Julianne Moor showed more with her eyes than any other part of her utterly grey-clad body was allowed. I enjoyed disliking her and hating her more than I did in the book. No amount of background building done in the first half of Mockingjay would make me like her. Also who can trust anybody who wears the same shade of clothing as their hair?

Elizabeth Banks and Woody Harrelson were unsung stars, in my opinion. They built their characters on screen and played with the chemistry they had as actors, encorporating a new dynamic to their relationship. In my view, that's all now canon.  Whether he immediately fell off the wagon in the book or not.

Personally, I thought Lawrence was able to continue with her emotive performances, though the scene with the cat was perhaps spoiled by the comical expression on the cat's face... perhaps if the cat had been mewing pitifully rather than looking at her reproachfully.  If they had had the time, they should have played out Katniss's emotional turmoil, PTSD and depression as well as showing the time between Katniss and Haymitch's return to District 12 and Peeta's.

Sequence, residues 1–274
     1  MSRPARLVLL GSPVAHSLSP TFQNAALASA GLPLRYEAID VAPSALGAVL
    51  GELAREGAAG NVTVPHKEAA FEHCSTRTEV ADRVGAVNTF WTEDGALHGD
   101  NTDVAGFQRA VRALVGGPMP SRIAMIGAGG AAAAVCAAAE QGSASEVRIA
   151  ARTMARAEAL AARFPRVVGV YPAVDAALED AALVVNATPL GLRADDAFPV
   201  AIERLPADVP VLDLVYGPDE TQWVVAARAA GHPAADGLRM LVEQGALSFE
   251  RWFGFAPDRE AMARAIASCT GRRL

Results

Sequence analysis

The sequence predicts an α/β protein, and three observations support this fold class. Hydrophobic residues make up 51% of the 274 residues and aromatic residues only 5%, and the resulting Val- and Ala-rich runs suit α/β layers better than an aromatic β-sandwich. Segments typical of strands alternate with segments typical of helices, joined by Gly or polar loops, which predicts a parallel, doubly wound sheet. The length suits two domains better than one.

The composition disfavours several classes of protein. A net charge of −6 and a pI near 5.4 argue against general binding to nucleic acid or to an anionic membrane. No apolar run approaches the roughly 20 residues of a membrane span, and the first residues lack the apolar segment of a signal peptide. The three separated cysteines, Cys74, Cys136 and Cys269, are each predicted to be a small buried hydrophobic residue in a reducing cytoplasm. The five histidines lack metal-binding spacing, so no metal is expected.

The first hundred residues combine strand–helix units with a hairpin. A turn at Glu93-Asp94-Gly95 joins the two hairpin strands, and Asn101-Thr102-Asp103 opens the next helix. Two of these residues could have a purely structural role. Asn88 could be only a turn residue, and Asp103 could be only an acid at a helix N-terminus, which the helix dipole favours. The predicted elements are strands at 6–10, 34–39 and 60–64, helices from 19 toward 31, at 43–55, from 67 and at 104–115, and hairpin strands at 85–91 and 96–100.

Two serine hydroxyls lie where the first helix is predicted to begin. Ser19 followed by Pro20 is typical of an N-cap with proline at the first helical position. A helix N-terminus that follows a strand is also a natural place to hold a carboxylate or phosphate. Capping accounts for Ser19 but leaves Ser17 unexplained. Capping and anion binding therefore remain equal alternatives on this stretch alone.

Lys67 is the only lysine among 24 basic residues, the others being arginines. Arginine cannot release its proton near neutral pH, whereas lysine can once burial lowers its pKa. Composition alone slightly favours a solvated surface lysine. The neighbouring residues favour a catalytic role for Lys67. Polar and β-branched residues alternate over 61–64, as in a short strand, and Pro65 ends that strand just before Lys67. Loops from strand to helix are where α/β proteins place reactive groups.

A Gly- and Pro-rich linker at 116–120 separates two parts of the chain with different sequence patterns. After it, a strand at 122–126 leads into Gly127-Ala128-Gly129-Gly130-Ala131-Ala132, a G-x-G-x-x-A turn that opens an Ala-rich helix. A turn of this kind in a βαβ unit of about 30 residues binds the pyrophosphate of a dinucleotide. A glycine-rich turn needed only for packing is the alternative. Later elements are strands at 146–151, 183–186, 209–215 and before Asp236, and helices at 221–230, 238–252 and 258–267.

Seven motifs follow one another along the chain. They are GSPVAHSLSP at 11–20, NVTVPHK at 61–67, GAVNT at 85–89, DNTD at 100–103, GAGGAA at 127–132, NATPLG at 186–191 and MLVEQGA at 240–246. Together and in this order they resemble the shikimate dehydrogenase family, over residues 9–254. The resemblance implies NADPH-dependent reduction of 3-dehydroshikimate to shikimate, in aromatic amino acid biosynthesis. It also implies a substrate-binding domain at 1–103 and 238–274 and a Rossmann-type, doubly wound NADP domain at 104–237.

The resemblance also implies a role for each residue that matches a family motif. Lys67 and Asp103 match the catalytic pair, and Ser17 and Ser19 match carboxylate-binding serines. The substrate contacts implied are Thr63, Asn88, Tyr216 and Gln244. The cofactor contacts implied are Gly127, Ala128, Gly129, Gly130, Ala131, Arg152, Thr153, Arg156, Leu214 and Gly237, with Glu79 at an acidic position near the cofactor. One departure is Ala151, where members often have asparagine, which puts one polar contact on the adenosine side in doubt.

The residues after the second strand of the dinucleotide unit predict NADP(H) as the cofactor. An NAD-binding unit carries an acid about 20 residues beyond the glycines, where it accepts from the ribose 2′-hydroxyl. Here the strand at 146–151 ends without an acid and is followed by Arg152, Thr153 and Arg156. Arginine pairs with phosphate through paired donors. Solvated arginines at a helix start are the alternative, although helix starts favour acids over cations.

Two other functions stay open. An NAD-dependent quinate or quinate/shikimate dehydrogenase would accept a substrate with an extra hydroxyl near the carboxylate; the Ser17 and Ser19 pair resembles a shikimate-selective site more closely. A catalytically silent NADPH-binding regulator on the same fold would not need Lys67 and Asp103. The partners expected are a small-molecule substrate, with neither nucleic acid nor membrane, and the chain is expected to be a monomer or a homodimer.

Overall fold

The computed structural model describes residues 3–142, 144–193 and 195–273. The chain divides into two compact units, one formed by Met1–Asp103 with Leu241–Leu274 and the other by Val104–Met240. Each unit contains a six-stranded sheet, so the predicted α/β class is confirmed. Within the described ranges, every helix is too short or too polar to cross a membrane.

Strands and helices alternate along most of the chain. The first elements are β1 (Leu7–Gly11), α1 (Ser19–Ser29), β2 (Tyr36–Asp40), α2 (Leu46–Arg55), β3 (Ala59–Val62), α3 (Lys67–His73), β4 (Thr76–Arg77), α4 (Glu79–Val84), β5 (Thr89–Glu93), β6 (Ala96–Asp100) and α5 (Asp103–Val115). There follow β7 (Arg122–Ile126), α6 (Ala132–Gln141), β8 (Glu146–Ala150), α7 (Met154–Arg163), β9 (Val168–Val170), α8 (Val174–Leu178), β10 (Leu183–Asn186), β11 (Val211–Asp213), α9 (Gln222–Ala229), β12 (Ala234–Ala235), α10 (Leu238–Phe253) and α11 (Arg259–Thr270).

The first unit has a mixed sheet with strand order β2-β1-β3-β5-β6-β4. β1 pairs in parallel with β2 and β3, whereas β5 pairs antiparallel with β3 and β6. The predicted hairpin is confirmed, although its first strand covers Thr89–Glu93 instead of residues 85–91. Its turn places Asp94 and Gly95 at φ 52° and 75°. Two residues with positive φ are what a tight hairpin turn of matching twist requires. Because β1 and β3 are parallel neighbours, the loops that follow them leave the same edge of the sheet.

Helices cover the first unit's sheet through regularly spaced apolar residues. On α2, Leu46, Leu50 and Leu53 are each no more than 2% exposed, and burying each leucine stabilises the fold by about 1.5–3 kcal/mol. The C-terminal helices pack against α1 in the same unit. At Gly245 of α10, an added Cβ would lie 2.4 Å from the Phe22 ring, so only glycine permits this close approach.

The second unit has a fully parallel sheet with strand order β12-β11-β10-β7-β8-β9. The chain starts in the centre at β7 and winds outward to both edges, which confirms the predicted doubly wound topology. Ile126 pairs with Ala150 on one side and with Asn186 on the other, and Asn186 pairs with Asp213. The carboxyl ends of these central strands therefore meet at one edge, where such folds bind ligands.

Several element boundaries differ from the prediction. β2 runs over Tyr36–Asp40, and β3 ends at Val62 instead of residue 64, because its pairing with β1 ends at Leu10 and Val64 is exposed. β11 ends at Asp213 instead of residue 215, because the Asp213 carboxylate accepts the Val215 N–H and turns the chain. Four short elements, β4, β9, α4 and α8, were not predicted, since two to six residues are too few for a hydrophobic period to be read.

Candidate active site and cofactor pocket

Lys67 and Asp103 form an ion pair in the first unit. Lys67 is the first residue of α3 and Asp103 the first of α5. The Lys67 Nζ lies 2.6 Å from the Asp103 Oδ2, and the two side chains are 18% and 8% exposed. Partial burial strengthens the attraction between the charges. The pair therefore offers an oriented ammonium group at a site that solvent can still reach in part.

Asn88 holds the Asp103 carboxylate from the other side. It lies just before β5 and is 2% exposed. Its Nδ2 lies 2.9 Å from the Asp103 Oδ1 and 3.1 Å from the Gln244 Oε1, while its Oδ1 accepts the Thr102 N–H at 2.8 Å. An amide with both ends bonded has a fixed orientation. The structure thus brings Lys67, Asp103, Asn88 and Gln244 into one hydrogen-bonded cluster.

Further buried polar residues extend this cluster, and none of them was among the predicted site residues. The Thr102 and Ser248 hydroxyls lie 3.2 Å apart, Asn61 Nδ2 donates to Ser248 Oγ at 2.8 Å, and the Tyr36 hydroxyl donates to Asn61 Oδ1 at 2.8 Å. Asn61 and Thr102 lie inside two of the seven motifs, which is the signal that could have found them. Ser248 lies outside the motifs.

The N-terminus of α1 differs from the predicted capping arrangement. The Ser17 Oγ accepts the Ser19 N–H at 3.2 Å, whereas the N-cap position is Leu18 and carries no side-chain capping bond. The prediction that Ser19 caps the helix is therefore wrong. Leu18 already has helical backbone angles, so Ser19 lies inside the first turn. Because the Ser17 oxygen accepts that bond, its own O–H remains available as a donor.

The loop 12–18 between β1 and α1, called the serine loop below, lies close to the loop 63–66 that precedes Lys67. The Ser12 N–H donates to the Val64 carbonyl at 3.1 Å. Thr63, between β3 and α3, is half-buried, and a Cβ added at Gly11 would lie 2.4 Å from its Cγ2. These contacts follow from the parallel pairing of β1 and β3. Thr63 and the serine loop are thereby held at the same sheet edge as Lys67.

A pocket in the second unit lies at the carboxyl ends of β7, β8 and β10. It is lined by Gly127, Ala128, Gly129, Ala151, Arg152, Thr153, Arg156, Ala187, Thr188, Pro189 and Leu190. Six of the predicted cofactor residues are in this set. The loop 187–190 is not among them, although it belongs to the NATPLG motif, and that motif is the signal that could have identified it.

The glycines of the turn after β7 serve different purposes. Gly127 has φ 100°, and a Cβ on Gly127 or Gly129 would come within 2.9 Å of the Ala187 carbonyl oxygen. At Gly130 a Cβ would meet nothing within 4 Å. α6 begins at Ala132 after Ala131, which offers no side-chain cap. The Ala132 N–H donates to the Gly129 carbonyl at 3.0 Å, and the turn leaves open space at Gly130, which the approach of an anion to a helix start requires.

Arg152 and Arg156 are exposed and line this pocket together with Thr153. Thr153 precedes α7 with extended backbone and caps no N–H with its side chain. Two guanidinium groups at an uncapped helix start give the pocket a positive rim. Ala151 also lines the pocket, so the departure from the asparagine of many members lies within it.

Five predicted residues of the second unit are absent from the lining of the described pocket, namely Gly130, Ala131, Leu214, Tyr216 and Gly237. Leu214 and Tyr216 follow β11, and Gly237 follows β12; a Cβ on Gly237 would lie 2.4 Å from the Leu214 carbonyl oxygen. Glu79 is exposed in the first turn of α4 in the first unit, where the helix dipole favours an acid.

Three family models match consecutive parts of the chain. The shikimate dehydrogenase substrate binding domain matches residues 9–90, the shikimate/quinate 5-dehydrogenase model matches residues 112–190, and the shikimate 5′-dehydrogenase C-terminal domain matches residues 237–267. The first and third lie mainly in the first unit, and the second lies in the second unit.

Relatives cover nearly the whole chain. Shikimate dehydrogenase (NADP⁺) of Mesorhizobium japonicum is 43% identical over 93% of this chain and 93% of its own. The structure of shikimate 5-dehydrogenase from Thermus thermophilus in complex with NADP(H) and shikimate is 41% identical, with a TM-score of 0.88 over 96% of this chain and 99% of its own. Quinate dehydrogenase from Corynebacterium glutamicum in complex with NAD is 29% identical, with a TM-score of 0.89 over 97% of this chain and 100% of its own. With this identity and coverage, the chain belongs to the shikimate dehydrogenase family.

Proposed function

They should also have included the letter from Katniss's mother. She was just dropped from all consciousness.

Overall, I think it was a satisfactory end to the series, however with plenty of room for improvement.
It was a 'meh', film. It wasn't as inspiring or emotional as it should have been. This was down to a combination of factors, a couple of which were unavoidable.

It did feel as though there should have been this version for the kiddies and the real version for the adults which went all out and ripped your hearts from your throats. I mean, I felt more in the anticipation of Finnick's death than I did from the actual scene!  I think that says a lot as somebody who has read the books, compared to someone who has not.

Saturday, 14 November 2015

Going Coconuts #2

Well! I said I'd update you when I'd done it a bit longer, and so I am!

Oil Pulling - definitely cleaned up my teeth. They were definitely whiter for it and I shall keep doing it periodically. As with most things (flossing, mouth wash, moisturiser) I am not somebody who can make a commitment and use it every day...hell, I failed you lot by not even posting about it weekly... *ahem*. However! I found that even with periodic use, I could notice a discernible difference.